By Clyde Hughes | AC JosepH Media
ATLANTIC CITY — Local contractor Geoffrey Dorsey in June moved a step closer to becoming a member of city council with a win in the Ward 6 Democratic primary race, but his volunteerism community work dates back years.
The Atlantic City native and founder of Dorsey Construction, won the June primary with more than 65% of the vote to easily outdistance John Exadaktilos. Now Dorsey will try to unseat incumbent Republican Jesse Kurtz in the general election race in November.
This is Dorsey’s second time running for city council. In 2021, he ran as an independent for an at-large seat where he faced a slate of Democrats supported by popular Atlantic City Mayor Marty Small and a full slate supported by the Republican Party.
This time around, Dorsey has the endorsement of Small in taking on Kurtz the Ward 6 seat. The co-owner of the city’s successful minor league basketball team the Atlantic City Gambits, Dorsey said he purposely kept a low profile, opting to do more personal one-on-one campaigning in the primary.
“Honestly, I didn’t do a lot of interviews because I wanted to do things differently than everyone else,” Dorsey told Front Runner New Jersey. “So, people are learning from what I’m doing not just what I’m saying. So, I have been moving forward quietly and doing everything grassroots and it’s worked well for me.
Dorsey calls himself a “normal guy,” a self-taught businessman who loves his community and has always made it a priority to give back to it for the better part of 20 years.
“I’ve been very active in the community in any way I could help, incrementally more and more,” Dorsey said. “I’m about results. I’m not about the glitz and glamour of it. Many people don’t know what I belong to or where I’m helping and I’ve always wanted it that way. It’s only now that I’m running for this political position that I’m kind of forced to come out of the shadows and behind the scenes.”
Dorsey has long been an advocate for the Atlantic City Boys & Girls Club and the Hispanic Association of Atlantic County. He said his associations as a businessman and those and other groups he’s been involved with have allowed him to learn what is going on in the city at a grassroots level.
“It’s new for me to be in front of the camera,” Dorsey said. “I know what’s going on in the community, though, and I’m very informed, I go to a lot of organizational meetings I’m involved with so many nonprofits that have given me a chance to connect with people and help them in different ways.”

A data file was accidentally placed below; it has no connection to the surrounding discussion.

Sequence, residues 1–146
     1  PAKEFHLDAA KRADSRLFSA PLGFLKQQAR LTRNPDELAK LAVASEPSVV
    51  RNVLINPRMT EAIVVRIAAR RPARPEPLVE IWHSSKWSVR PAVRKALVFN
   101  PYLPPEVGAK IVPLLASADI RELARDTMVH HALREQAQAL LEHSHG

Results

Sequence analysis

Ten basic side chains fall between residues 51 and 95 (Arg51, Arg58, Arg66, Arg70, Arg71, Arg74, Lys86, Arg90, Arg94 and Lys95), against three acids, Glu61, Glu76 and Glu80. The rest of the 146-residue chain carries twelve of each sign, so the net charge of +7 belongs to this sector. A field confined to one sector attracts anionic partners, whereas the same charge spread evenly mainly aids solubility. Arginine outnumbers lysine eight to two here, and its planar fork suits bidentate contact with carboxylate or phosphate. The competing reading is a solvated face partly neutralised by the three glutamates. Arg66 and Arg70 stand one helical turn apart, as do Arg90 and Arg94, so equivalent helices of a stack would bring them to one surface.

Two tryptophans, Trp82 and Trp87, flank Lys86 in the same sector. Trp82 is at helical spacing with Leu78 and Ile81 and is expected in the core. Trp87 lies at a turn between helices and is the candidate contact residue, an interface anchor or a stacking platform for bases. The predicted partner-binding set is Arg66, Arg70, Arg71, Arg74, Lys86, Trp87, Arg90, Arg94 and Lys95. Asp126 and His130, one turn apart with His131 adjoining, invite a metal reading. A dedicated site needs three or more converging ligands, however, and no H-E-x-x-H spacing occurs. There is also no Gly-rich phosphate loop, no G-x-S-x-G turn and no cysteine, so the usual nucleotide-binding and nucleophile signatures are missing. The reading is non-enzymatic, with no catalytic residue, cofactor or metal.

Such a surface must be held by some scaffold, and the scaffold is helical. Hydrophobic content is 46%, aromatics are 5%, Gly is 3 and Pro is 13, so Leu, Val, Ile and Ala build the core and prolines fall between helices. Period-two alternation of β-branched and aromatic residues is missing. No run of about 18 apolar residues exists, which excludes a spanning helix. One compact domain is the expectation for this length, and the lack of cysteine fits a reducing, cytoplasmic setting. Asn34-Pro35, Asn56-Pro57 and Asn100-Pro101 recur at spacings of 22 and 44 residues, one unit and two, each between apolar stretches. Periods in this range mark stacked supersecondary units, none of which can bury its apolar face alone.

Dorsey’s independent run in 2021 set the stage for him to run this year. After running against Small’s slate of candidates two years ago, he impressed local Democrats enough to run on the main line this time around.
“I fared very well for being off the line,” Dorsey said. “After my race concluded, I did all the things I was supposed to do, in joining committees and pushing supporting democratic values. The Democrats saw what I had to offer and they welcomed me with open arms. I proved myself to be valuable and they supported me when I expressed my desire to run again.”
Dorsey said it means a lot to him to have a chance to not only represent the city he grew up in but also the same neighborhood as well. As a member of the Atlantic City Housing Authority, he got to play a part in redeveloping Busby Village, where he grew up.
“I’m living just a few blocks from there and I still walk there with my grandson and take him to the park,” Dorsey said. “I’m enjoying being there with my wife. We used to swim across the bay at Raleigh Avenue.
“I always had a goal to be in business for myself and knowing this community, I know it’s important to have representation. I was a latchkey kid and I never imagined then all the things that I would be doing now.”
Dorsey said one of the messages he wants to resonate with voters this fall is that he is reliable and will be responsive as a council member. He said he learned that is a valuable commodity he learned as a small business owner.
“Whether it’s people calling me about issues in the community or issues with the boardwalk or issues with stop signs, we are here year around,” Dorsey said. “We don’t just wait until election time. I think that’s part of why the [Atlantic City] Democratic Committee and the mayor supported me.
“After I lost to his team, I joined in and started helping, regardless. Some people just took their ball and went home. Other people joined in and got to work. That’s just who I am.”
Follow Us Today On:
Note from AC JosepH Media: If you like this story and others posted on Front Runner New Jersey.com., lend us a hand so we can keep producing articles like these for New Jersey and the world to see. Click on SUPPORT FRNJ and make a contribution that will go directly in making more stories like this available. Thank you for reading.